RICHARD Leonard is to consider backing a second independence referendum after a series of senior Scottish Labour figures threw their weight behind a new vote.

In a major development yesterday, frontbencher Monica Lennon was among those calling for a new approach following Labour’s disastrous General Election defeat, saying the “future of Scotland must be decided by the Scottish people”.

Lennon, who is the party’s Holyrood health spokeswoman and a key Leonard ally, said while she was opposed to independence “people in Scotland have voted in very large numbers for the SNP, including many Labour voters”.

She told the Sunday Mail: “The SNP blueprint for independence is flawed and will disappoint many progressive Scots who are fed up with austerity. Nevertheless, the future of Scotland must be decided by the people of Scotland.”

READ MORE: Labour frontbencher Monica Lennon backs second independence referendum

Former Scottish Labour MP Ged Killen, who lost the Rutherglen and Hamilton West seat to the SNP, signalled his agreement on Twitter.

He said: “I campaigned on a promise to vote against indyref2, but I lost. The SNP made massive gains on a promise to hold another referendum and, as democrats, we must accept it even if we don’t like it.”

Neil Findlay, the Labour MSP and another of Leonard’s close political allies, also backed the idea of a second referendum despite reiterating his concerns that independence could ultimately lead to further austerity.

“As Scottish Labour surveys the ashes of the latest political earthquake, some fundamental questions must be asked and I cannot say this loudly enough – we cannot run away from the independence question,” he wrote in a post on Facebook. “As a democrat first and foremost I accept that the people of Scotland have the right to choose their own future.”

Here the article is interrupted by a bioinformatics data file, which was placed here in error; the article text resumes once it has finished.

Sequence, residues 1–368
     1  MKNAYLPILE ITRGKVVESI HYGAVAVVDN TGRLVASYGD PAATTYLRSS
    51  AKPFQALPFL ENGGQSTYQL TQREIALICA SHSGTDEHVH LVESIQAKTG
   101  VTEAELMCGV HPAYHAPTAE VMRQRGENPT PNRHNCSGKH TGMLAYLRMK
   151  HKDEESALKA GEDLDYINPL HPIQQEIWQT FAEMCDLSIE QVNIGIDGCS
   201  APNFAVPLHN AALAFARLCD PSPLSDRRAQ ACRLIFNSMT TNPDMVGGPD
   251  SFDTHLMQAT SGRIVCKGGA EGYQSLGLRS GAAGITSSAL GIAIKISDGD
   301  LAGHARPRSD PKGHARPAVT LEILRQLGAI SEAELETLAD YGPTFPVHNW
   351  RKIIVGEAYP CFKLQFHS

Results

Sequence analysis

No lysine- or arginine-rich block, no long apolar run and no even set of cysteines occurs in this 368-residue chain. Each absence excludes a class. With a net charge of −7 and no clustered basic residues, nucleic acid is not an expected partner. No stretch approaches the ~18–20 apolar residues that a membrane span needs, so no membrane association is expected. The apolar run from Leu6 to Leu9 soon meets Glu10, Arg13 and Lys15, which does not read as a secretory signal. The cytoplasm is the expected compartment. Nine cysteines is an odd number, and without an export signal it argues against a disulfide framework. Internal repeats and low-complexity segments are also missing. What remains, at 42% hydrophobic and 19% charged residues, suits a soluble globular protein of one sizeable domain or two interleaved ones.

And former Scottish Labour general secretary Brian Roy wrote on Twitter: “Every election since 2015 has made it clear Scottish Labour can no longer represent a middle ground of nationalism and unionism.

“Neither should it stand in the way of the democratic will of the Scottish people, or ever again be seen to be complicit with the Tories in doing so.

“The argument I am making is one of self-determination. I am not advocating for independence. If there is a mandate and the Scottish Parliament votes for it, we should accept it.”

Their comments came after Labour councillor Alison Evison, the president of the local authority group Cosla, said on Saturday democracy could be strengthened “by enabling the voice of Scotland to be heard through its formal processes”, adding “that must mean a referendum on independence”.

Reports last night suggested Leonard would consider the calls to support a second plebiscite.

READ MORE: Ousted Scottish Labour MP says party must back 'radical reform' of constitution

Meanwhile, an open letter by “Scottish Labour for Radical Democracy” was published demanding indyref2 and non-violent civil disobedience if the UK Government refuses. It was signed by dozens of party and trade union activists.

Nicola Sturgeon is this week expected to make a request to Boris Johnson for a transfer of power from Westminster to Holyrood to enable a second vote. The Scottish Government will also publish a document setting out its case for the vote. A change in position from Labour would increase the pressure on the Prime Minister to agree to another referendum.

The SNP’s Ian Blackford said: “The SNP have a cast iron mandate to hold an independence referendum and the UK Government must respect that. It is welcome that senior figures within Labour are recognising that mandate. While we will not all agree on independence, we can surely find common ground that this decision must be in Scotland’s hands – not Boris Johnson’s.”

As debate raged in Scottish Labour over its indyref2 stance, former leader Kezia Dugdale said opponents of independence needed to find a new argument for keeping Scotland in the UK. She told No campaigners: “You’re wasting precious time arguing about mandates. Last referendum won by persuading centre-left voters 1) EU membership only safe in UK 2) A progressive Labour government was on the horizon 3) Currency and economic security.

“Reasons 1 and 2 have melted away and the Yes movement have been working on 3 since 2014.

“You need a new argument for the Union which isn’t rooted in Queen and country Unionism.”